Why It’s Not Helpful to Call All White People Racists


It’s better to subtly ask, ‘What kind of racist are you?’

Don’t assume all white people are racist. But don’t assume all of them aren’t either. Instead, use these questions to filter out people who need to be in your life. There’s nothing like the sting of leaving yourself wide open to a racist because you assumed that they were ‘better than that’.

1. Are you a racist who’s a traitor to the United States?

Waving the Confederate flag is absolutely un-American. You’re upholding the symbol of a defeated attempt at usurping the sovereignty of the United States. Not only is the Confederacy non-existent, it’s a symbol of racism and hatred. Thank goodness for you there’s freedom of speech in the United States.

In other countries, you would be jailed for supporting a militaristic coup d’etat.

How to make the point subtly: What’s the point of aligning yourself with a failed coup d’etat on our government and freedom?

2. Are you an entitled racist who doesn’t have a racist bone in their body?

I can’t believe how many people fall for this line. Since when did racism live in your bone marrow? It’s in the mind. Unfortunately, people who spout this line think it covers themselves with a magical cloak where they pull white power moves under the guise of being woke.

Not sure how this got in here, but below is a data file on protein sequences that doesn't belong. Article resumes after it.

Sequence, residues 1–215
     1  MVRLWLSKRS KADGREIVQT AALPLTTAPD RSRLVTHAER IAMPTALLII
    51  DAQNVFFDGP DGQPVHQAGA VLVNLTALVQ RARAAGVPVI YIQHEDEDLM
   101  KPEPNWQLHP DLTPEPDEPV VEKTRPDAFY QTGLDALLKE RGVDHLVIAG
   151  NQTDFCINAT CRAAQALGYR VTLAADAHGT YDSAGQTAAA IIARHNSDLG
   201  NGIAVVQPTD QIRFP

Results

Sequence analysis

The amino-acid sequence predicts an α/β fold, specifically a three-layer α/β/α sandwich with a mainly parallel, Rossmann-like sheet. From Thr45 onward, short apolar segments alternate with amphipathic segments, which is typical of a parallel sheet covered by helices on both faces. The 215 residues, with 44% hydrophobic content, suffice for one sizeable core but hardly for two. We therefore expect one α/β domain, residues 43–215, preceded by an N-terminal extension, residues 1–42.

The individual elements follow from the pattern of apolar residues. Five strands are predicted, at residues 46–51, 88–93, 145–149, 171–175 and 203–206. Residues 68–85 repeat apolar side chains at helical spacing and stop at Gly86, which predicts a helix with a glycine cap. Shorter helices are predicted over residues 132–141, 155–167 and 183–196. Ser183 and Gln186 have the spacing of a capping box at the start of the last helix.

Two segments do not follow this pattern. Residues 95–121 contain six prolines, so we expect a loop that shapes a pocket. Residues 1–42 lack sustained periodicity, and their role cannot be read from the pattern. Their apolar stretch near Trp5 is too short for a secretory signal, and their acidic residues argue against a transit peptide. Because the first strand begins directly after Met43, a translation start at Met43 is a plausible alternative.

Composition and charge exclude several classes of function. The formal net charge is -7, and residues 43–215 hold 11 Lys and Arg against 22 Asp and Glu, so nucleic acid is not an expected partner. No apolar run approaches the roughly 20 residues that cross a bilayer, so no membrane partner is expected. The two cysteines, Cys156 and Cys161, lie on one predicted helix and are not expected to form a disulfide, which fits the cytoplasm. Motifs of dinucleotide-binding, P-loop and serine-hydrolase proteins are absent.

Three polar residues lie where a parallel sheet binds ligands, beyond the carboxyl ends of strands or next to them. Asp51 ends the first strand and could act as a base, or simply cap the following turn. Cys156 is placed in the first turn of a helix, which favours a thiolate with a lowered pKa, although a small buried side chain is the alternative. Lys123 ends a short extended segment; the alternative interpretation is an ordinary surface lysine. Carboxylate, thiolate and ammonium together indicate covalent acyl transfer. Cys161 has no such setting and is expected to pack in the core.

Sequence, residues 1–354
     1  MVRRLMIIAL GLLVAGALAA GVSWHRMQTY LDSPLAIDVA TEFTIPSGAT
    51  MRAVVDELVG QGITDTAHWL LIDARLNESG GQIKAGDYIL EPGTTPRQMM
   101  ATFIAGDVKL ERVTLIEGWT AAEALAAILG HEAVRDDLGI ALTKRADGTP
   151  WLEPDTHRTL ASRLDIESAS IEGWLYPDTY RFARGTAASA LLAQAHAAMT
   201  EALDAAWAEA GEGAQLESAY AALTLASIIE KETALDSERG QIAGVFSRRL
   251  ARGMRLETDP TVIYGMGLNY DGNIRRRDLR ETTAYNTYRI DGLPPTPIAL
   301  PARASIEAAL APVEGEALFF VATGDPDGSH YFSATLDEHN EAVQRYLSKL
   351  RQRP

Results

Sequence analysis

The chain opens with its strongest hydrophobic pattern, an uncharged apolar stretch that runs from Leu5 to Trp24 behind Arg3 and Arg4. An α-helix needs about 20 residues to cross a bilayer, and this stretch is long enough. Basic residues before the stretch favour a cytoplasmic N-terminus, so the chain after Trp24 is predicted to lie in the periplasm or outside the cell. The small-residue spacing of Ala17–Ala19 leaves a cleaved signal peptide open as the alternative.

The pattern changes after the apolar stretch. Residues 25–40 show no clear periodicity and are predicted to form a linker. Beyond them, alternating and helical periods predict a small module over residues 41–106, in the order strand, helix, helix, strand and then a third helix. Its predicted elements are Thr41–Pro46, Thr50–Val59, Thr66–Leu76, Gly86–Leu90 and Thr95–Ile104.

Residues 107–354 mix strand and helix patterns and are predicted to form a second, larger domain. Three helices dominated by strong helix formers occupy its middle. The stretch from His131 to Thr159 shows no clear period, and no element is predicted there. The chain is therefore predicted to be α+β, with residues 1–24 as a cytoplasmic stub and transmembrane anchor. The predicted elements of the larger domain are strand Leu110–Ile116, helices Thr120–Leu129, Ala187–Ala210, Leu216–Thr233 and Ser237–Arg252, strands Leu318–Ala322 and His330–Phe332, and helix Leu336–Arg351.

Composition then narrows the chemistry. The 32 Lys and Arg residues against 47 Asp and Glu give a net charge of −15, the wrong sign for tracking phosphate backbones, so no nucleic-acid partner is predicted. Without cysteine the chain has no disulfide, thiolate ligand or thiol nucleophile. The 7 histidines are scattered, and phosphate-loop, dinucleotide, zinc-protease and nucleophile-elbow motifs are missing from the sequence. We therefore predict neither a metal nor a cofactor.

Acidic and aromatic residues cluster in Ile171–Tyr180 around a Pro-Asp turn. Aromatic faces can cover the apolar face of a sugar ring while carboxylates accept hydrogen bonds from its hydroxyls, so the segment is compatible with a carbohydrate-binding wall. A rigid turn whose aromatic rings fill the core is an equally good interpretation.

How to make the point subtly: Since when did racism live in bone marrow?

don’t ask people to check their privilege. challenge them.

3. Are you a racist with an inferiority complex?

Have you noticed that white people who aren’t racist are normal, well-adjusted people? There is nothing wrong with living in white culture and thoroughly being white. It’s those with an inferiority complex who weaponize whiteness to use racism to their advantage. Then when challenged, they hide behind their white identity and accuse you of criticizing whiteness. Immediately separate them from the blanket protection of whiteness. A jerk is a jerk, no matter their color. Redirect the conversation to their behavior, not their race.

How to subtly ask the question: I have tons of white friends and I love white culture. Why are you such a bad example for white people?

DISCLAIMER: Subtlety is not a strong point for The Seoulite. This is as subtle as it gets for him. But he’s found that there’s immense leverage in the delivery of shade. Tone, body language and volume can add subtlety to a very direct verbal punch.


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